The CPU gets blocked till the service sends the response to the designated requests. If, for any reason, the delay is much longer, it will affect the overall performance of the applications as the CPU sits and cannot do other vital tasks. That is, it can continue doing its job only when it receives the HTTP server reply.

Is there any way to solve these problems?

Well, fortunately, there are 2 ways by the implementation of anyone, you can solve these issue:

  • Add a circuit breaker to every service request, such as the Rest Template.
  • You can bind the HTTP-based interaction synchronous with the HTTP-based interaction asynchronous. Nowadays, many java frameworks are designated solely for this purpose and are widely available using which you can make it. Such as you can use Future to bind the service request in 1 method.

Asynchronous Communication Protocol

In the asynchronous communication protocol, the client sends a request. But as opposed to the synchronous communication protocol, it doesn’t stop its task while waiting for a reply from the service.

Instead, it keeps continuing to do its designated work as it should have been doing, without affecting its performance or any functionalities. Hence, it has no delay as there is no blocking in letting the processor do any other tasks.

An example of an asynchronous communication protocol is message-based communication.

So, what is message-based communication, and how it interacts?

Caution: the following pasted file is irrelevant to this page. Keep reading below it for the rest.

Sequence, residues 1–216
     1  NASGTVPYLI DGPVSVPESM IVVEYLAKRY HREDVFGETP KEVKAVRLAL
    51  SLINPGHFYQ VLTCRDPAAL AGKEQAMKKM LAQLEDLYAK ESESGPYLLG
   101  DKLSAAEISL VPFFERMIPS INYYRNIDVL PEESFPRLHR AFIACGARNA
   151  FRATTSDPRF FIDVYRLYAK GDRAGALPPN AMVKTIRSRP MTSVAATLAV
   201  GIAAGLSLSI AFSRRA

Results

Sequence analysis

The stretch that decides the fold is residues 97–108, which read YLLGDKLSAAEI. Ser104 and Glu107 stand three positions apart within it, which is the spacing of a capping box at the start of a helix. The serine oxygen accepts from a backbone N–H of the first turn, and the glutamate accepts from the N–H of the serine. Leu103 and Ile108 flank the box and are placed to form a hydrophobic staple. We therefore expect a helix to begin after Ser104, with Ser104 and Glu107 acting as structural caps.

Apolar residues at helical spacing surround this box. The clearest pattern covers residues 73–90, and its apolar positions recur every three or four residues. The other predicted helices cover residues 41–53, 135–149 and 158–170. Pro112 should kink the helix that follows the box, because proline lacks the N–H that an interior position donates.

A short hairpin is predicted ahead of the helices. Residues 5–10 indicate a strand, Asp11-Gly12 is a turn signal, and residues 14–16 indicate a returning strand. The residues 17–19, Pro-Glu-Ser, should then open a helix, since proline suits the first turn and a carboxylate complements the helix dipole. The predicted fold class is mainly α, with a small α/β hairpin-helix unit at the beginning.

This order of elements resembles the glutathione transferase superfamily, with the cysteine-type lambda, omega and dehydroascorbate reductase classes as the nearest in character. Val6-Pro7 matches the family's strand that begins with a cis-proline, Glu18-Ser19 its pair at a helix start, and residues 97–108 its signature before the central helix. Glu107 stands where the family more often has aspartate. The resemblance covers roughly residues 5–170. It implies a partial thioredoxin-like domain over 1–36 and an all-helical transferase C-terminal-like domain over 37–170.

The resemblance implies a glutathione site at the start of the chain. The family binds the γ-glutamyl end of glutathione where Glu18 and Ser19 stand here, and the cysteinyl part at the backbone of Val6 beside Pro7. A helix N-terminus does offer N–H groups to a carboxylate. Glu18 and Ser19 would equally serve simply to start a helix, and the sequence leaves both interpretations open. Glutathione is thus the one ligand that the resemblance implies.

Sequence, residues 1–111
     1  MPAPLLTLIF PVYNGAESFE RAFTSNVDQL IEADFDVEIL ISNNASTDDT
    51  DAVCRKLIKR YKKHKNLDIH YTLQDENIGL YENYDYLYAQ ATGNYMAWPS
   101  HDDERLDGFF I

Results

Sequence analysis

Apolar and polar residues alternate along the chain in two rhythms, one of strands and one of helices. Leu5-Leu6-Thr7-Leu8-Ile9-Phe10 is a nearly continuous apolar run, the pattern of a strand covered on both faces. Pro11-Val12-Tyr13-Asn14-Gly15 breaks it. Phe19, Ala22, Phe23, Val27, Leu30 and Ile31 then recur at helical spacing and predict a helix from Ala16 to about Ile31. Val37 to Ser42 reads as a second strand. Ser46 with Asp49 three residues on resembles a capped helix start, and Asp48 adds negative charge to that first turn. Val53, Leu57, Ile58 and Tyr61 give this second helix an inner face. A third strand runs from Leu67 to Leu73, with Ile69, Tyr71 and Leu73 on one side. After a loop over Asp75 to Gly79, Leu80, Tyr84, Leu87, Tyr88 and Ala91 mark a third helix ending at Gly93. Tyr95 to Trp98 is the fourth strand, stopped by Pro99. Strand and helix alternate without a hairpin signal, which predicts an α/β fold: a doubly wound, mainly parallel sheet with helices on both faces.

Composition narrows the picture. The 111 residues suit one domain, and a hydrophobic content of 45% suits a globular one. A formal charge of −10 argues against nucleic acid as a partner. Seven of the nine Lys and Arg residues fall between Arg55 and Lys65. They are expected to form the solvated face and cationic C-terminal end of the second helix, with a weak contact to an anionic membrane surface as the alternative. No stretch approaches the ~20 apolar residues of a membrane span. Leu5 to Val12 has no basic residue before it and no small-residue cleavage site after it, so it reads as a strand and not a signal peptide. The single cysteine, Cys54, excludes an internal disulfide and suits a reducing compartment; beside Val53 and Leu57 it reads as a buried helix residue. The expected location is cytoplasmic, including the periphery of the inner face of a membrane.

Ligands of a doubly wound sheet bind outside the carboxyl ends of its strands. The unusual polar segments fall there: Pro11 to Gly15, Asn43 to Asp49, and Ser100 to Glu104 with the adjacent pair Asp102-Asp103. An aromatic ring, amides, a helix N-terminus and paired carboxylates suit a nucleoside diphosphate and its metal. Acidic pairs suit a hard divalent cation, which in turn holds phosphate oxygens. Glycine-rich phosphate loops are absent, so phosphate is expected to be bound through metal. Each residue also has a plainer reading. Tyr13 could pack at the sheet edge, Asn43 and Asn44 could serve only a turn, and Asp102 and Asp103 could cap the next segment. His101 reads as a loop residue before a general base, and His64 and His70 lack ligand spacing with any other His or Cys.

It is mostly used in the enterprise application integration for making the combination loosely coupled and asynchronous. In fact, it is one of the ideal options to make the app more strong and accessible.

Unlike HTTP, there is no direct communication between the services as it doesn’t directly send the request. Instead, it pushes the message via a message broker. How does it work?

Generally, a message broker is used to manage and process the texts sent by the sender. Additionally, it can also be continued if needed. The message broker takes all the liability and assurance to deliver the message to the designated place. One thing to note, the interaction is always asynchronous where a message broker is used.

Now a question may arise about what it does in the case of a single receiver and multiple receivers?

Based on the type of the receiver, it does the following things:

Single Receiver

Generally, each call has one sender and one receiver. So, if it gets more than one request, it gets in the queue as a single receiver can take only one request or call at a time.

Multiple Receiver

Every call can be sorted out by none to several receivers. It is usually based on the message broker or the event-bus interface while transferring information between the microservices via the various actions or events.

Hence, these are the 2 ways that microservices use anyone to communicate with each other.

To Conclude

Communication in microservices is the number 1 factor for the smooth operation of the applications. Otherwise, it is of no use except your valuable time and effort wastage. Hence, the right selection of the communication is indeed a crucial decision when it comes to choosing the method for effective communication between microservices.

Hopefully, you now have got a clear understanding of how do microservices communicate with each other. Although both methods have their pros and cons, however, if you ask for any opinion, the preferable one to go for undoubtedly is asynchronous. Why? In short, it is more alert, accessible, quick to respond, and if not more, it is also fault-tolerant.

Therefore, the clear winner is an asynchronous communication protocol for choosing between synchronous vs. asynchronous.